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First some background. I'm parsing a simple file format, and wish to re-use the results in python code later, so I made a very simple class hierarchy and wrote the parser to construct objects from the original records in the text files I'm working from.

At the same time I'd like to load the data into a legacy database, the loader files for which take a simple tab-separated format. The most straightforward way would be to just do something like:

print "{0}\t{1}\t....".format(record.id, record.attr1, len(record.attr1), ...)

Because there are so many columns to print out though, I thought I'd use the Template class to make it a bit easier to see what's what, i.e.:

templ = Template("$id\t$attr1\t$attr1_len\t...")

And I figured I could just use the record in place of the map used by a substitute call, with some additional keywords for derived values:

print templ.substitute(record, attr1_len=len(record.attr1), ...)

Unfortunately this fails, complaining that the record instance does not have an attribute __getitem__.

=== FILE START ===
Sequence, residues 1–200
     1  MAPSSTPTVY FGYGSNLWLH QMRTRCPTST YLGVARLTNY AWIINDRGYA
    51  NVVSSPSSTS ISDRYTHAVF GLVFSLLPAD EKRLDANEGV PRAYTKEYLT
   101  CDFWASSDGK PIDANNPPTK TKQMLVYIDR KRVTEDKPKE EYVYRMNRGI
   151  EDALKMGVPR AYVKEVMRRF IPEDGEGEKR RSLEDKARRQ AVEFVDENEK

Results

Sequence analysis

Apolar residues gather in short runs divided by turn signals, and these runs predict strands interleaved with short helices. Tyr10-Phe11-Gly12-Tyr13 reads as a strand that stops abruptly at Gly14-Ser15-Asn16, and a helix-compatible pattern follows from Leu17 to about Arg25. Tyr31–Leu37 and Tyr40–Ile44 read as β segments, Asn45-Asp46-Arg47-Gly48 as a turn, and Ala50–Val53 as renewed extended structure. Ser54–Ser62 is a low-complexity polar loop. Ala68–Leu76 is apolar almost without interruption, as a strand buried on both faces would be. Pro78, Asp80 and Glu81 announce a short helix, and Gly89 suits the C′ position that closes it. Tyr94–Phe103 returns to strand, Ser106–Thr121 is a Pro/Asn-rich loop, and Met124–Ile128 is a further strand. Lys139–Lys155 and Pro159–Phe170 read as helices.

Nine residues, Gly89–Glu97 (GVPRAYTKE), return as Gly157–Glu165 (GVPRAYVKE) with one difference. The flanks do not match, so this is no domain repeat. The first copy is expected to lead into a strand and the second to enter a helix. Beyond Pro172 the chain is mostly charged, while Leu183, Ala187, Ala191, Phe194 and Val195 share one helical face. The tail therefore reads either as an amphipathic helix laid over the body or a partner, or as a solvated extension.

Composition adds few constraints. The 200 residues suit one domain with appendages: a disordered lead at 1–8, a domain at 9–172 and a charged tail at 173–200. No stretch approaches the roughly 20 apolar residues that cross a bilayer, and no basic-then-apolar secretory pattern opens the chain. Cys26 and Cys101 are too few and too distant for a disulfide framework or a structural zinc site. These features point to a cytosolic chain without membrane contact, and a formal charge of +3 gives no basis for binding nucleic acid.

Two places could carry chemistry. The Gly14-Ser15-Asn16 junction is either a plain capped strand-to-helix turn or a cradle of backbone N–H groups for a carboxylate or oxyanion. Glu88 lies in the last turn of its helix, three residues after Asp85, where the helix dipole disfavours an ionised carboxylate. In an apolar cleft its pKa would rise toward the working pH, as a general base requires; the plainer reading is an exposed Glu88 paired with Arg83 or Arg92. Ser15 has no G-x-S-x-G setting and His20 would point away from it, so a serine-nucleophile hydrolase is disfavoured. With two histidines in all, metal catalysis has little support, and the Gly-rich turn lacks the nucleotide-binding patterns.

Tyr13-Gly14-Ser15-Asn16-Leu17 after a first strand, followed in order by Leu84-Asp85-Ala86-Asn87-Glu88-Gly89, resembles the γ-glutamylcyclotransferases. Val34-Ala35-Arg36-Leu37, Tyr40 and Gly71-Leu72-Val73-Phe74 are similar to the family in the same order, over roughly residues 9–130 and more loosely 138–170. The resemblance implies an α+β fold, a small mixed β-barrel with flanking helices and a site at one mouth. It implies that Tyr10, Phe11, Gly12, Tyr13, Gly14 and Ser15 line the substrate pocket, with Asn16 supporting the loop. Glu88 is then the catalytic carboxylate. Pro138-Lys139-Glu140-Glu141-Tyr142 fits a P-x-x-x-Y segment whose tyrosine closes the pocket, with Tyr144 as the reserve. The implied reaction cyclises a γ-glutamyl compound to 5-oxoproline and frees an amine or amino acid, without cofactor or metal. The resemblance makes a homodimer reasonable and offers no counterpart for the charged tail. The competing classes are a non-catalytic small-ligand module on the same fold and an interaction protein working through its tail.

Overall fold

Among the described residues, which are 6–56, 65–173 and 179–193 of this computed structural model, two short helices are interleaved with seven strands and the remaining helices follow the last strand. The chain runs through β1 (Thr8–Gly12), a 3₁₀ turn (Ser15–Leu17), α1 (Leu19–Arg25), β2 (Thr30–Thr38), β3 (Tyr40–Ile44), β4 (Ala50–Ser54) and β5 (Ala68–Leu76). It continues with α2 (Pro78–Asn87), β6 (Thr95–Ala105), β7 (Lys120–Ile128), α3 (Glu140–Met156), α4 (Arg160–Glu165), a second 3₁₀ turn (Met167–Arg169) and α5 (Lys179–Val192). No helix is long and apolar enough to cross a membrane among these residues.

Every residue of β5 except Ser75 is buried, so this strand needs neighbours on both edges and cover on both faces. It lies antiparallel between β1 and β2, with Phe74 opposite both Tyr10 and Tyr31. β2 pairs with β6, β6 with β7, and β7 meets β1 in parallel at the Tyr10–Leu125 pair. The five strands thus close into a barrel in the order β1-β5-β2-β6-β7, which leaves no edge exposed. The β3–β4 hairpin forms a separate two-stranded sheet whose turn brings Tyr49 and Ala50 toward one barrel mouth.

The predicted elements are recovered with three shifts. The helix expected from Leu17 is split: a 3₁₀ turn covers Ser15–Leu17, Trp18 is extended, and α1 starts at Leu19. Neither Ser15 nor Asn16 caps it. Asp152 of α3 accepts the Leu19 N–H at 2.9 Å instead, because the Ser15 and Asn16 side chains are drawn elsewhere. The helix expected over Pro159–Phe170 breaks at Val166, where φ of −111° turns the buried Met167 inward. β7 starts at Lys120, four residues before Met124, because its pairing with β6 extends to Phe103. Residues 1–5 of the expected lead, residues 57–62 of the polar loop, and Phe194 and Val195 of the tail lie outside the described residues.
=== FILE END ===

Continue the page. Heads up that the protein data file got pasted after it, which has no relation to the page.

So my question is twofold:

  • do I need to implement __getitem__ and if so how?
  • is there a more elegant way for something like this where you just need to output a bunch of attributes you already know the name for?
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2 Answers 2

up vote 2 down vote accepted
class MyRecord:
    def __getitem__(self, key):
        return getattr(self, key)
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Thanks! I added a try-except to turn AttributeErrors into KeyErrors. –  wds Jun 8 '10 at 12:23

If you make attr1's length a property or attribute of the record class (so you're really just printing instance attributes as the title implies), you could just do this.

attrs = ['id', 'attr1', 'attr1_len', ...]
print '\t'.join(getattr(record, attr) for attr in attrs)
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Very neat that. Unfortunately I can't really avoid some derived attributes here and there (I could add them all to the object, but that seems like double work and just mucks up the namespace). –  wds Jun 8 '10 at 12:14
Derived attributes are exactly what properties are good for, but I can't tell from your question how many you would need or if they're all just len or what. –  FogleBird Jun 8 '10 at 12:19
There's some output formatting here and there (collapsing lists to comma-separated values and the like), which wouldn't make sense to duplicate. Not if it can be avoided anyway. +1 though, it's the best answer to the question if there aren't a couple of detail problems like that. –  wds Jun 8 '10 at 12:21

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